Seed Depth 2-3"
Seed Spacing 6"
Cloves per Bulb Hardneck: 5-10; Softneck: 6-18
Cloves per Pound Hardneck: 40-65; Softneck: 50-90

Folklore is rife with tales of garlic's ability to bestow strength and courage, treat a vast array of disease and infections, and to ward off evil. Modern day medicine has shown this remarkable food to be powerfully effective at boosting the immune system, supporting cardiovascular health, and fighting cancer.

Hardneck Garlic: Allium sativum subsp. ophioscorodon Cloves grow in a single circle around a central woody stem. These varieties also produce, or attempt to produce, a flower-like stalk. What makes these garlics stand out is the range and quality of flavors they exhibit. Hardneck garlics typically have a shorter storage life than softnecks.

Softneck Garlic: Allium sativum subsp. sativum These varieties produce cloves in several layers around a soft central stem. Approximate cloves per pound can vary based on seasonal conditions and the variety. These easy-to-grow garlics are excellent in the kitchen and usually have the best storage qualities. Great for braiding.

Elephant Garlic: Allium ampeloprasum Not a true garlic, these enormous bulbs have much milder and sweeter flavor than garlic, as it's related more closely to a leek. Elephant garlic is planted 6-8 inches apart and covered with 4-6 inches of soil.

• Garlic thrives in rich, well-drained soil with a pH between 6.0-7.0
• Work in 1 inch layer of compost, 1/2 cup of bone meal, 1/2 cup TSC's Complete fertilizer per 5 row feet
• When spring growth begins: water to keep the soil slightly moist and fertilize with Age Old Grow or TSC's Complete fertilizer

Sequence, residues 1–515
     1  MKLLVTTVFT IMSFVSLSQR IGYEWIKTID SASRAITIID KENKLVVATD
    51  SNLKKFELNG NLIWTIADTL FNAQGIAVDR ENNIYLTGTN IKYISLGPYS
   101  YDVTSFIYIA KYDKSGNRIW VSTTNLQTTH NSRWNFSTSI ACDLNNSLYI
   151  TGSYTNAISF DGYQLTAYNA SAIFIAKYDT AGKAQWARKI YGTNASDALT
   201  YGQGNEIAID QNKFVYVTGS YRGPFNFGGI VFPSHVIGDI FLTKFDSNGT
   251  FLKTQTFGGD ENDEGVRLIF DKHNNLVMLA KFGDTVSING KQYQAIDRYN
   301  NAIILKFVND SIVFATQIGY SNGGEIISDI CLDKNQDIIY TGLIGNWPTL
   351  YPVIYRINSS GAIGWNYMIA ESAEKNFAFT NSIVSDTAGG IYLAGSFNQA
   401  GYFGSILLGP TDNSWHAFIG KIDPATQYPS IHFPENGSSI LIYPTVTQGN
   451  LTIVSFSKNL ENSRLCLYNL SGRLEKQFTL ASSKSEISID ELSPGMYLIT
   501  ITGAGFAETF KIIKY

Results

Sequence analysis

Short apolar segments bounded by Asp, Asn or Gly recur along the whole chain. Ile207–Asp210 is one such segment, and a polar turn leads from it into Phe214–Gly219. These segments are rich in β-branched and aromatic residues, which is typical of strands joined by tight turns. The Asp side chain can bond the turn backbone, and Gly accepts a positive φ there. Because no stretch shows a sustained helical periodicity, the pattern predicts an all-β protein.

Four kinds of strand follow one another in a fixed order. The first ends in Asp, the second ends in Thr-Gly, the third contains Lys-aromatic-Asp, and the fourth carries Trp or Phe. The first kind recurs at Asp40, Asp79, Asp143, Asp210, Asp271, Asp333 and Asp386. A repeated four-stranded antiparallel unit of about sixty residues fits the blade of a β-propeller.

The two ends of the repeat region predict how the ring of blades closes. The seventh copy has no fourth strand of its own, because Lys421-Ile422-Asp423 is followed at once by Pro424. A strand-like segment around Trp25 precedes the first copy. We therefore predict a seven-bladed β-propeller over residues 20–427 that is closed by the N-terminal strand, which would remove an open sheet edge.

• As harvest approaches: water less to avoid molding or staining
• Hardnecks: cut off any flowering stems (scapes) at the top leaf to redirect energy to the bulb; scapes can be used like green onions

Direct Sowing
• In Northern regions, garlic is best planted by the end of October, or 6-8 weeks before the ground freezes
• Southern regions may plant as late as March
• Separate the cloves of garlic just prior to planting, keeping as much skin on as possible
• Plant cloves pointed end up
• Mulch with clean straw or leaves to 4 inches

Pests & Diseases
• Common pests: onion thrips, stem & bulb nematodes
• Pest control: Pyrethrin, 5–7 year crop rotation
• Common diseases: Gray mold/Botrytis, rust
• Disease prevention: 5–7 year crop rotation, avoid soggy soil

Harvest & Storage
• Harvest when the top 4-5 leaves are slightly green and lower leaves are dry
• Begin checking for mature bulbs in late June
• Each green leaf represents one layer of covering over the bulb in the ground
• Tie the plants in small bundles and dry in a cool, shaded, well-ventilated location for about 3-4 weeks
• After curing is done, cut foliage and roots from bulbs and store in mesh bags
• Softnecks: you can keep leaves on and braid the whole plant